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Meet Liz Sanders

Today we’d like to introduce you to Liz Sanders.

So, before we jump into specific questions, why don’t you give us some details about you and your story.
I’m an artist, designer and all around creative. I work in a wide variety of mediums: drawing, painting, collage, typography… I could go on. I find myself averse to being defined by anyone medium (read: don’t even try to put me in a box!).

Growing up, I was constantly working on a multitude of art projects. My art practice has always been an act of therapy. It’s a safe space for me to make things, reconnect to my hands and heart and process life, emotions, and the world around me.

Following my passion for creating, I moved to Los Angeles to study at the Roski School of Art and Design at USC. I thrived during my years of study. I developed strong art and design practices. My artwork was highly personal, self-reflective, and viscerally emotive. My design work straddled the world between art and design – handmade, experimental and experiential.

Following college, I began to pursue my career in graphic design. I worked in a few start-up agencies, but I found that there was always something missing. As I adapted to the working world, my art practice fell to the wayside and slowly my design work became uninspiring. Over the last few years, I reconnected with my art practice, which has been transformative for me personally as well as professionally.

Earlier this year, I made the transition to running Liz Sanders Studio full-time where I serve clients in art and design. I’m excited to continue exploring work across both disciplines. My work explores human-centric strategy, emotive connection, and crafted experiences.

Overall, has it been relatively smooth? If not, what were some of the struggles along the way?
The years directly after college as I transitioned into the working world were challenging for me. I graduated with the plan to pursue graphic design despite leaning more toward the artist archetype than the designer. The role of a designer caters to a client’s needs in contrast to an artist who creates from internal motivations. I threw myself into adapting into this new mode of working. The adjustment was difficult and eventually became problematic for my mental health. In the process, I stopped practicing art, lost my creativity and became completely unmotivated. I struggled with anxiety, depression and addiction.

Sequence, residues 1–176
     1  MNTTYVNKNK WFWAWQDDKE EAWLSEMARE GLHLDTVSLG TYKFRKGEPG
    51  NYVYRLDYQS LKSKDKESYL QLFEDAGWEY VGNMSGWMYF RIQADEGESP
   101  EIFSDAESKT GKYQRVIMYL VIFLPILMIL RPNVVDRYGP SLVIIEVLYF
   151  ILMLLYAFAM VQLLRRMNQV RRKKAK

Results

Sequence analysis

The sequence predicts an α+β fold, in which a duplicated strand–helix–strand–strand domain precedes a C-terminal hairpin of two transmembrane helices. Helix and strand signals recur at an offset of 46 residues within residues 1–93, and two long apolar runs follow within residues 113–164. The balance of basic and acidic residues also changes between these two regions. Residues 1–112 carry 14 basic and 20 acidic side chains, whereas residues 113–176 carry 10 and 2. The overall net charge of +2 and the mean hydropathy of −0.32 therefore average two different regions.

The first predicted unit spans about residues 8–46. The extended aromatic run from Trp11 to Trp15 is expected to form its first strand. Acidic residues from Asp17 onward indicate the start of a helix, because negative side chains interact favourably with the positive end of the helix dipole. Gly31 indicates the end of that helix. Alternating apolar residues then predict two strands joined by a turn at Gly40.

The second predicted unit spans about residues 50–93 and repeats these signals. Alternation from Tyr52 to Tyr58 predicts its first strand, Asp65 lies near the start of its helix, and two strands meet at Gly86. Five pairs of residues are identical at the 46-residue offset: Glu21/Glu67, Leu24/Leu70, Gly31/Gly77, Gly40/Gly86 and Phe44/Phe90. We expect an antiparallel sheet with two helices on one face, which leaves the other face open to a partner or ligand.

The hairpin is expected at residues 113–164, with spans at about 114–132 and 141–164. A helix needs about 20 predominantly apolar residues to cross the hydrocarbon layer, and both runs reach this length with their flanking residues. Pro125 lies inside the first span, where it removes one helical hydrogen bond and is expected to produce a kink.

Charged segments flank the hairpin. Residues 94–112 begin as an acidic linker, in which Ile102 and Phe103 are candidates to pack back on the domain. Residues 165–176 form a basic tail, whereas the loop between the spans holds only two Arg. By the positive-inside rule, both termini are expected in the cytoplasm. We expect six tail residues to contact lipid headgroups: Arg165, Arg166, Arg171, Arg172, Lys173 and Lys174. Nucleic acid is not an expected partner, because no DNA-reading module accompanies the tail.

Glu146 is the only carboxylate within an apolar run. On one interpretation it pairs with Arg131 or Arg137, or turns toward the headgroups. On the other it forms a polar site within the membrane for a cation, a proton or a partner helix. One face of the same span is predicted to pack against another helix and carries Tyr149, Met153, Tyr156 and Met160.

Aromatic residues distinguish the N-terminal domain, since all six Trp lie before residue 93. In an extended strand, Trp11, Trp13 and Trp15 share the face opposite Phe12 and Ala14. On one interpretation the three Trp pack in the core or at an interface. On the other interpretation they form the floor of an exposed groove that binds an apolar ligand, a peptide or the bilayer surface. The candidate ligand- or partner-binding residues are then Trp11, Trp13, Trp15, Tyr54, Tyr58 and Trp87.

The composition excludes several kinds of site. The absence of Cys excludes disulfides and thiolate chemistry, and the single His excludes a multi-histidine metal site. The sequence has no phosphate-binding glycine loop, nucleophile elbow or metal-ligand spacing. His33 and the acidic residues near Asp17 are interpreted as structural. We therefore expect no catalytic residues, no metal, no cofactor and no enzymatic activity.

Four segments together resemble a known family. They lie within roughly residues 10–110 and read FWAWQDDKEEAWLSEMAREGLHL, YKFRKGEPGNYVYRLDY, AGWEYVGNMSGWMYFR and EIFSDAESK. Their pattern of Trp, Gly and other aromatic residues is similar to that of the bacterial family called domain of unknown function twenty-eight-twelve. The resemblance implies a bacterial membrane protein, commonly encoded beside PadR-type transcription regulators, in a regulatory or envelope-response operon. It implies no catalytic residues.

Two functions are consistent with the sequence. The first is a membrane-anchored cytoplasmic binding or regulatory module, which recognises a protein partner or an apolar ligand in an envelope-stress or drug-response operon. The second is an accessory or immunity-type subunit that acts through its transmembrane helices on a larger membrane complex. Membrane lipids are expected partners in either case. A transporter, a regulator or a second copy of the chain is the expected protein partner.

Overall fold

In the last few years, I reclaimed my life and creativity. I’ve come a long way and developed positive coping mechanisms such as self-compassion, mindfulness and growth mindset. Freeing myself from the weight of self-doubt has opened up my creativity. I realize now that part of my decision to pursue design was out of fear. I was afraid that I couldn’t make a living making art. I believed that design was the safe, rational, secure choice. What I didn’t realize was how crucial my art practice is for my mental well-being. Now my studio focuses on a broader range of projects that satisfy my itch for art and design.

We’d love to hear more about your work and what you are currently focused on. What else should we know?
My studio work spans across art and design. You can find me designing, painting, lettering, and drawing all in the span of a week depending on my clients’ needs. Whether I’m commissioned to create a painting, design a wedding invitation, or craft a branded experience, I’m dedicated to creating solutions that enrich and impact the project through intention, research and flawless execution. With my background in art, design and marketing, I offer a unique perspective of visual expression and brand experience. I breathe life into all my projects through human-centric strategy, emotive connection, and crafted experiences.

Any shoutouts? Who else deserves credit in this story – who has played a meaningful role?
My friends, family, colleagues, therapists, teachers and community. You all create the safe space I needed to heal, growth, and thrive. Thank you for your support through everything.

Contact Info:

Image Credit:
Nenah Bondi

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